* From an article in the Westminster Review, which is another indication of wide spread interest in things social, the following is apposite :
" The government of Manners and Fashion may be rendered less tyrannical, as the political and religious governments have been, by some ANTAGONISTIC UNION. Alike in Church and State, men's first emancipations from excess of restriction were achieved by numbers, bound together by a common creed or a common political faith.” “ There needs, then, a Protestantism in social usages. Abortive as individual protests generally turn out, it may be that nothing effectual will be done until there arises some organized resistance to
The great accusation, however, against our “ American aristocrats' is that they so frequently array themselves against any but prescriptive claims to position. No doubt, such assumptions of conservative airs are very ridiculous, and a fair subject for satire. Still we do not think them altogether to blame. Their position has been so much misunderstood, and their has been such a disposition to ridicule their claims as “absurd in a republic,” that they have themselves mistaken their own footing, and instead of feeling that they are a necessary part of any society; they have grown to imagine their social rank the result of something foreign to republicanism and akin to nobility in monarchical countries, something in spite of, and in opposition to all claims to social rank from merit or any other cause. And so they have grown to think their social rank is to be built up upon the ruins of all social rank not derived from proscription. As might be expected, those who would be least likely to attain position by merit, are the persons who most perseveringly attempt to put down those who can win it. Theirs are the weak heads who cannot judge for themselves, and whose opinions and feelings being chiefly derived from those of other people, they have taken up the prevalent idea that they are somehow or other antagonistic to merit. Probably it would not be so great an objection to a man, that “his father sold dry goods by the yard,” did the objectors not imagine that the fact of his deriving no disadvantage from his ancestors, proved that they ought not to derive any advantage from theirs.
It is a thousand pities, some friend to the stupidities could not make them understand the impolicy of pluming themselves on a merely Providential circumstance. It so provokes people to inquire into personal traits. For a rich fool to pride himself upon his wealth, is but to hold a candle to the vacancy of that “upper tenement to let, to any stray ideas in want of a location.” They
this invisible despotism. The liberty of the subject, asserted in our constitution, has yet to be wrested from this subtler tyranny."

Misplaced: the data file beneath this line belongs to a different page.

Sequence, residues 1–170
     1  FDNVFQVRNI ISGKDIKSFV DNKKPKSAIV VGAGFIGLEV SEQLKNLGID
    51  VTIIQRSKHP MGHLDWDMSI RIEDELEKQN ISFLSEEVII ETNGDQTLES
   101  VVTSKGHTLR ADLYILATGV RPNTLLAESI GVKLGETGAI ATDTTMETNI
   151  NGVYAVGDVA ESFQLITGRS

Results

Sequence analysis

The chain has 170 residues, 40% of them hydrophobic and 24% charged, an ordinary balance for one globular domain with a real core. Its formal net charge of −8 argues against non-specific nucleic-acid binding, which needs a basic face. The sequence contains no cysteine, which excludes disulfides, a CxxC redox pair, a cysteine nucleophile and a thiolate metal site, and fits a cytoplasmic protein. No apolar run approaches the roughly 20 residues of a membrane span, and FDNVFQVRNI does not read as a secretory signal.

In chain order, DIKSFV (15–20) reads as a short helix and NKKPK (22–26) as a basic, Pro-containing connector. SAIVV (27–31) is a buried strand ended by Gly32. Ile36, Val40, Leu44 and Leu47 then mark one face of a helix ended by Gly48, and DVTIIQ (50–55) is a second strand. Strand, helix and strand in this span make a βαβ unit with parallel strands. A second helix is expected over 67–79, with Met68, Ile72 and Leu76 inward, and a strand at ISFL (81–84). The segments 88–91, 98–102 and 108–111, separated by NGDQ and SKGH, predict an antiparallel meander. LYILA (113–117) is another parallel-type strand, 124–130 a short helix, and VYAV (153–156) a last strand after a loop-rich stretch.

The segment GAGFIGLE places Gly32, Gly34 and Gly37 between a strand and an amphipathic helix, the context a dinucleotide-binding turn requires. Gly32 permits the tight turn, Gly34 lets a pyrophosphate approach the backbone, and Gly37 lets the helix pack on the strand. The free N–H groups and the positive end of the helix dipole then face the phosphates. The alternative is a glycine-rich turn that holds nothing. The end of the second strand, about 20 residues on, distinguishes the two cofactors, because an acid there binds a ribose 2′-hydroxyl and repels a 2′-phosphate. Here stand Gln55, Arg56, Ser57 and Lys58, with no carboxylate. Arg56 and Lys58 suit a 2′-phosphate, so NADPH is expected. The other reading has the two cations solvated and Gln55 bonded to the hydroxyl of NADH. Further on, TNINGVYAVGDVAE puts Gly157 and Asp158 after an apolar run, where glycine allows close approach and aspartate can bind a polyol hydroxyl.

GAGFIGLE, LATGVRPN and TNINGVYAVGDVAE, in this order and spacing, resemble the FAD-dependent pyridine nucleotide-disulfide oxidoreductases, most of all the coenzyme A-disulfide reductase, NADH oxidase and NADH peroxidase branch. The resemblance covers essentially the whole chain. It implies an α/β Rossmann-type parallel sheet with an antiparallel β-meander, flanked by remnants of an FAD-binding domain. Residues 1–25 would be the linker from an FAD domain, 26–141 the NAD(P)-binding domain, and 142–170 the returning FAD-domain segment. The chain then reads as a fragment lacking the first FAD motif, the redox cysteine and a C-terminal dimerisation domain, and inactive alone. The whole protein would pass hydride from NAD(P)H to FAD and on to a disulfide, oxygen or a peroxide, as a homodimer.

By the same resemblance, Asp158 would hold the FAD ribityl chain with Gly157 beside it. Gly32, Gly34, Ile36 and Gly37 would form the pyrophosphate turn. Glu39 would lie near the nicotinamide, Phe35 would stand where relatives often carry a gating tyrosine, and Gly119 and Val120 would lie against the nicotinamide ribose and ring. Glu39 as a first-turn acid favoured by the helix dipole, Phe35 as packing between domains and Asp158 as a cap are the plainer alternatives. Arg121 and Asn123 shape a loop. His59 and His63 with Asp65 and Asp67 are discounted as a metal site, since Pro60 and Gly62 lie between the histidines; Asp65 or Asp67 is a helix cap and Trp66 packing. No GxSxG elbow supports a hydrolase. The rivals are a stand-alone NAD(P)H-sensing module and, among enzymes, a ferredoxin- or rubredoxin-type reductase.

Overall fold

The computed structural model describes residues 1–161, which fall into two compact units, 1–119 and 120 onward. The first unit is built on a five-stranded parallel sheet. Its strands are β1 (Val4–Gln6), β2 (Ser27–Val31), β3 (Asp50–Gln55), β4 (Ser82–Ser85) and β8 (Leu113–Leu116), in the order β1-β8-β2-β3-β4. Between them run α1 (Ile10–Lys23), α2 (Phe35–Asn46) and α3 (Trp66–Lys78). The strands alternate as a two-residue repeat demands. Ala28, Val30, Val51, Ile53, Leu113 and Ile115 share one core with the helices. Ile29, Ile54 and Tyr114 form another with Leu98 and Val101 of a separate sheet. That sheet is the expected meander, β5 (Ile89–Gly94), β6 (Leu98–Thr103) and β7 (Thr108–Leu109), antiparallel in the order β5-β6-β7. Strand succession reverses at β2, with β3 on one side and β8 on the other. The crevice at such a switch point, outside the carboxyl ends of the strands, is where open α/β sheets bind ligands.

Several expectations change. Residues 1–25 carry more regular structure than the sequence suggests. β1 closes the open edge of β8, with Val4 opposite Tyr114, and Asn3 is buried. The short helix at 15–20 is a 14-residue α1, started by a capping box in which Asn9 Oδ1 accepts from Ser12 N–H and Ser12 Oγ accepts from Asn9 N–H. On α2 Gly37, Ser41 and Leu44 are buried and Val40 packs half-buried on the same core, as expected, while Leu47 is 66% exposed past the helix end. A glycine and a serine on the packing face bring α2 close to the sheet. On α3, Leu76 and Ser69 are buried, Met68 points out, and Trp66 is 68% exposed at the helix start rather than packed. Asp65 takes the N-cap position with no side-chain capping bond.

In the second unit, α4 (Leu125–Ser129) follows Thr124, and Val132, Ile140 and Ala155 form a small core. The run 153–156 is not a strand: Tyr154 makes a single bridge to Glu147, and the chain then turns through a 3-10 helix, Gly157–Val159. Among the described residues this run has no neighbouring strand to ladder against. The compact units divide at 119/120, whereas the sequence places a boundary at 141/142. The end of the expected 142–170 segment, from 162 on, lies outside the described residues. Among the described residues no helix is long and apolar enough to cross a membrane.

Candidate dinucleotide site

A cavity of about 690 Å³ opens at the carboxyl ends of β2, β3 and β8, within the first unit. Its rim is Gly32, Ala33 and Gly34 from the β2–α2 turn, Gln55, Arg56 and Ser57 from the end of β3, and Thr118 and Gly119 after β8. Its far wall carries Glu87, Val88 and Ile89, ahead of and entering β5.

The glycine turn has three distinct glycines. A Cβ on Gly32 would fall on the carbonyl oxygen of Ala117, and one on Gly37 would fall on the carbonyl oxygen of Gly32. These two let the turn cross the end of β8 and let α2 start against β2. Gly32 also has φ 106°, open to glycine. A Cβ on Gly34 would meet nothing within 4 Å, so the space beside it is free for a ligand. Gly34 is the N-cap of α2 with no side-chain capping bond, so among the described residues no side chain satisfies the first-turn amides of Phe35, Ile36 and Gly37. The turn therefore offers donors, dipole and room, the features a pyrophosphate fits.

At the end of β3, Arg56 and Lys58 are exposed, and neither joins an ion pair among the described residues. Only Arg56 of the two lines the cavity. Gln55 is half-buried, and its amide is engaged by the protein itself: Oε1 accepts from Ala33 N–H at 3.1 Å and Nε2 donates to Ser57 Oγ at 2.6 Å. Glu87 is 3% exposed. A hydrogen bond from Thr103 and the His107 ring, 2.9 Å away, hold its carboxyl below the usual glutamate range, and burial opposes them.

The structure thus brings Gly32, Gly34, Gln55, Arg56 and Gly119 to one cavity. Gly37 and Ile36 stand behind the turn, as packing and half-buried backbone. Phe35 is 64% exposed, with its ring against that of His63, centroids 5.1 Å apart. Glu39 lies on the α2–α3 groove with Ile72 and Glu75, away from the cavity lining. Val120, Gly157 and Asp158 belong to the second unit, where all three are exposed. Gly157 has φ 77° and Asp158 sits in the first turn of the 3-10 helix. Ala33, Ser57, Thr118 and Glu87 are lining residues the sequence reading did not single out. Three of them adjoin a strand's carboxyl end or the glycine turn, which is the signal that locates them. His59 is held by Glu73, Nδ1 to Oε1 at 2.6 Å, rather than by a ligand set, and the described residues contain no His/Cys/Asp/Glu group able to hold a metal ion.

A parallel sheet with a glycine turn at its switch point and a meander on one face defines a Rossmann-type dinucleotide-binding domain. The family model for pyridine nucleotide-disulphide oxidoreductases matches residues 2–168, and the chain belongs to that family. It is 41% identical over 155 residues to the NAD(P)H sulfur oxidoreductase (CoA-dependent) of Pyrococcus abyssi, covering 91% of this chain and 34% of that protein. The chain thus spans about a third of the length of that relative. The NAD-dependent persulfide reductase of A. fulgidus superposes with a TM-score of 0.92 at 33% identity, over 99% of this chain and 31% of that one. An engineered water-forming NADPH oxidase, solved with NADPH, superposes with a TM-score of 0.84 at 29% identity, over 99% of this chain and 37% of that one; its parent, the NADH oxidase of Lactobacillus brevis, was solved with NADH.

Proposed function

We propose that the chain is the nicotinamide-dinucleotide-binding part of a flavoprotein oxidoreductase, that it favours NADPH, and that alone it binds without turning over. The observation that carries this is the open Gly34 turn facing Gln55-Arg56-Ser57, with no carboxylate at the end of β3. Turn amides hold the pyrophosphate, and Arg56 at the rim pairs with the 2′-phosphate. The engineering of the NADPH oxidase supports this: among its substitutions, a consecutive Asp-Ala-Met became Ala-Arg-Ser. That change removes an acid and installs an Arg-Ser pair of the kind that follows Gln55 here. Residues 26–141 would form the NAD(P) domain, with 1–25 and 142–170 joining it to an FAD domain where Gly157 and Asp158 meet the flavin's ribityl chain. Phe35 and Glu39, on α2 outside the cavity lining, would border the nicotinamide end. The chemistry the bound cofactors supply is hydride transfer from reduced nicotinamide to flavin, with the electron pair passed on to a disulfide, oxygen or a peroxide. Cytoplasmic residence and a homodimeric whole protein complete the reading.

What we spoke of as absence of organizatiɔn, is read by others want of organization. To this suggestion, however, there might be many pros and should know strong lights do not suit them, and not provoke the world to remark that, though they are in niches, they are abominably bad statues. There is one remedy against the tyranny of “old families.” People often refer to them because their acknowledged position does often give them the key to the best society, but sensible people seek the best society, not because they value the company of members of old families, but because they suppose in that highest society are to be found people of wit, genius and merit. And should they succeed in excluding from it all but old families, which they never will, the highest society would soon lose the prestige of being the best. Even prescriptive wit, genus and beauty, which always value these qualities more than family, would prefer the circles where they are the test of admittance to those where family alone is. Because, Miss Bremer made some imprudent revelations, some of the prescriptives have said they will not invite any more “poor devils of authors” to their homes. Possibly when the poor devils of authors are gone, the charm of their entertainments may be gone. There must be an array of minor characters when Hamlet is played, and a doorkeeper to whom we must pay due notice, but after all it is Hamlet that carries us to the play, and the best society, without the best people, is the play of Hamlet, with the part of Hamlet left out. Amusing are the discussions of which this aristocracy is sometimes the subject. Practical people, who plainly see that the aristocrats are one of the powers that be,” will profess their “belief in family and blood,” and point out, that old families are a considerable element in the best society everywhere. And so they are, not because old families produce good society, but because that certain age and permanency, which is essential to the best society, also produces old families. In reply to all this, some aristocracy hater will trace back the pedigree of the old families, to end as it often does, in some shoemaker or ditcher. The discussion is still more amusing, when, as is often the case, a plebeian or patrician prestage is supposed to attach to certain occupations. We were once much amused with a young lady, who made a grand distinction between commission and dry goods merchants. She was quite at a loss to justify her distinction, until she bethought herself of